While there is no official best methodology, some data modeling methods and techniques may work better than others. However, such differences are more likely to be the result of the people involved and their data modeling philosophy and practical experience. The Teradata methodology has stood the test of time, and has been refined and proven through years of experience in hundreds of engagements, and has proven to be the preferred choice.

Some methodologies seem good in theory, but may not be successful in practice. Our approach is to separate pragmatism from theory by starting with simple solutions and working towards the more complex as necessary.

A recurring theme in the healthcare LDM is a pragmatic approach to solving the problems facing the business, healthcare, and IT communities in healthcare settings. 

Data analysis and modeling rules and guidelines lead to a clean definition, resulting in logical structures in which each structure contains information about one data entity only. The clean data representation, as documented in the model, is easier to understand, easier to use, and easier to extend if new information is to be added later on.

In a quality logical data model, the data will be stable and will serve as a good foundation for future growth. Another way of expressing the clean definition objective is one thing in one place. Each business fact appears at exactly one place in the model.

To acquire a proper understanding of the data, you need a discipline, a set of rules that can help you think about data in a logical manner. Data analysis and modeling provides just such a discipline. The more complicated the data, the more data sharing occurs, the more necessary the discipline becomes.

The objective of analyzing any data structure is to express that structure in the form of a data model. In a data model, the information is represented by a small number of different constructs. In this model, the technique of Entity – Relationship – Diagram (ERD) is used.

Data Model Constructs

Data analysis and modeling provides a means of understanding and documenting a complex environment in terms of its data entities, their relationships, and their descriptive data attributes.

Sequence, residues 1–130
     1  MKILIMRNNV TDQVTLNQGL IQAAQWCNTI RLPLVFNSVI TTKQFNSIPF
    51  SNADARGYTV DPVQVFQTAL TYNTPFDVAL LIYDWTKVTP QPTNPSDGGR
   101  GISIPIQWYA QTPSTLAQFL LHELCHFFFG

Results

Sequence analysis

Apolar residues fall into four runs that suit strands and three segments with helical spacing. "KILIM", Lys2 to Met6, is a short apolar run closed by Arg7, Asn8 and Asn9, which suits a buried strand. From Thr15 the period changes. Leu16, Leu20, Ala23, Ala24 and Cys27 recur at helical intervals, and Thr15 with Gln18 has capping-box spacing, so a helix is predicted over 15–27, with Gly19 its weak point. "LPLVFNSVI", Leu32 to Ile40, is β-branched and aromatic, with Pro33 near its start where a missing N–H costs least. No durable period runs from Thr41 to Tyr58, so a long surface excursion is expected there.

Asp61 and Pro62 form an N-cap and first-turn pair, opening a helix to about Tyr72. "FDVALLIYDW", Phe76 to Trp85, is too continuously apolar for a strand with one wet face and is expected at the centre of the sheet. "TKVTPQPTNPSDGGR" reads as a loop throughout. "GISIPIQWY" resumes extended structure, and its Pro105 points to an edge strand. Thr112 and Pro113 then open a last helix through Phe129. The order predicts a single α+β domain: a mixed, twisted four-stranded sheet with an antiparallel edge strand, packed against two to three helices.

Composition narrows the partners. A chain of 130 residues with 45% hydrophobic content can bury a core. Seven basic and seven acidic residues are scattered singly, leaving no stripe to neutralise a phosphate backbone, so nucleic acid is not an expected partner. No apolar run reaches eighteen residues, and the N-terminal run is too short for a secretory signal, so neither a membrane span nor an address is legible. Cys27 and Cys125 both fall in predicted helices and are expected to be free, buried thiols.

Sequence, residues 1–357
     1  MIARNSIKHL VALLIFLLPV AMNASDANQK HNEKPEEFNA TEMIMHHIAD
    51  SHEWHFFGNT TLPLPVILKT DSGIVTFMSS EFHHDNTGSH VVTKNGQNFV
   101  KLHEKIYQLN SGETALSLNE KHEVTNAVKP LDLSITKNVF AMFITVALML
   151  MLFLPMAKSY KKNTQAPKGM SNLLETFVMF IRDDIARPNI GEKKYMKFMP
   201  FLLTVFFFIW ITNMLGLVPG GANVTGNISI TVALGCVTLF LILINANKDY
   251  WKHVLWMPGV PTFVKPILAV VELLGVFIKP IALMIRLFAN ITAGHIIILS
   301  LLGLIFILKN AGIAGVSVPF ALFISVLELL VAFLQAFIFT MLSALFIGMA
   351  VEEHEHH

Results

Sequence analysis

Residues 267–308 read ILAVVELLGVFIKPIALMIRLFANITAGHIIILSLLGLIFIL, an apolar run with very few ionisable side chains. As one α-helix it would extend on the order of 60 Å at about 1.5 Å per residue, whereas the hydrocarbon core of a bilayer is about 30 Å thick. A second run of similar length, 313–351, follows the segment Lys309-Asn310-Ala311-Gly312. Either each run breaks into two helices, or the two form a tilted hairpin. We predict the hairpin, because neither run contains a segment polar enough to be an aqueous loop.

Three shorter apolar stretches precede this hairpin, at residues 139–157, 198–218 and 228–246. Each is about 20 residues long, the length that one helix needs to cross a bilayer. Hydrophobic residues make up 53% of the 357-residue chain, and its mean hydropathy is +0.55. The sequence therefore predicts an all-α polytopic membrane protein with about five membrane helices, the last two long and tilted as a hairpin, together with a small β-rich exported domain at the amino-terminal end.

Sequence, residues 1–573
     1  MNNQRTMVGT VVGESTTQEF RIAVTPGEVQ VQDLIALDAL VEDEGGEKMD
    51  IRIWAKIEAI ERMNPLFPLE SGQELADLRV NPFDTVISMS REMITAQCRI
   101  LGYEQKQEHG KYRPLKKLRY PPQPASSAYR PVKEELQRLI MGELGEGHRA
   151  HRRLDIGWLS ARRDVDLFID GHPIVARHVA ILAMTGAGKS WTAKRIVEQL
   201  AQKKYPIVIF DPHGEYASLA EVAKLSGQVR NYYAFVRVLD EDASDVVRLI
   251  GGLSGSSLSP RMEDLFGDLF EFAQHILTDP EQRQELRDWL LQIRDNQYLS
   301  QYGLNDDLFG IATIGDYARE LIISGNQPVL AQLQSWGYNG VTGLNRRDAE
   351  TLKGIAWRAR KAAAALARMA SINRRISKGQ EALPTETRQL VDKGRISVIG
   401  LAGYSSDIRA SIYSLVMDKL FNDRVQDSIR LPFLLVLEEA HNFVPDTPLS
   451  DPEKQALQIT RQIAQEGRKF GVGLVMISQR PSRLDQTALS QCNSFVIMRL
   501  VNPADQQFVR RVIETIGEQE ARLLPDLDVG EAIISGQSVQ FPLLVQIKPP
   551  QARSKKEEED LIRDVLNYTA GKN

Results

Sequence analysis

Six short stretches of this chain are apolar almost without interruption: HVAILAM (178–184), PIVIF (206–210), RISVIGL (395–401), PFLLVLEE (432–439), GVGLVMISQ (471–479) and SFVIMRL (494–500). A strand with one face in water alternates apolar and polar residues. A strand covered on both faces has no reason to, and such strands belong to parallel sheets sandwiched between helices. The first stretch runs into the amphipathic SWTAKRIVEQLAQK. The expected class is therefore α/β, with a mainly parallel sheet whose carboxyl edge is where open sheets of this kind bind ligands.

Many different modeling schemes have been proposed, offering different sets of constructs from which the models can be built. For the purpose of this model, the constructs used are ENTITIES, RELATIONSHIPS between data entities predicated on business rules, and DATA ATTRIBUTES that describe the data entities.

Each construct is named and precisely defined. A graphic representation of the model is included, showing the data entities as boxes and the relationships as lines connecting the boxes. In addition, the Healthcare LDM 0 Data Model depicts the primary and foreign keys. A diagram gives a useful overview, but cannot replace the definitions.

Data Definitions

Data Model

A model consisting of data entities, relationships, and supporting policy-based definitions of each representing some business area of the enterprise. The data model is a synthesized set of data-entities, fully described (data attributes) with identifying keys.


Person, place, thing, concept, or event, about which an enterprise gathers data. Data entity names are usually nouns and singular; uniquely identifiable by means of an identifier, referred to as the "primary key", that is known and managed by the business; mutually exclusive of other data entities; and relatively equal in importance to other data entities in the enterprise.


A business association between occurrences of one or more data entities, which embodies some relevant informational value. Although the basic component of the data model is the data entity, the data model is not merely a collection of data entities. The model must be given structure, which we define in terms of the relationships between data entities. Any two data entities may have a relationship defined between them. The degree of the relationship is based on the number of occurrences of the data entities that can be related to one another. A relationship is an expression of an applied business rule, i.e., the business rationale expressing the relationship between entities. For example, the relationship between the two entities PROVIDER and HEALTHCARE SERVICE is PERFORMS, and is represented by a line connecting the two entities.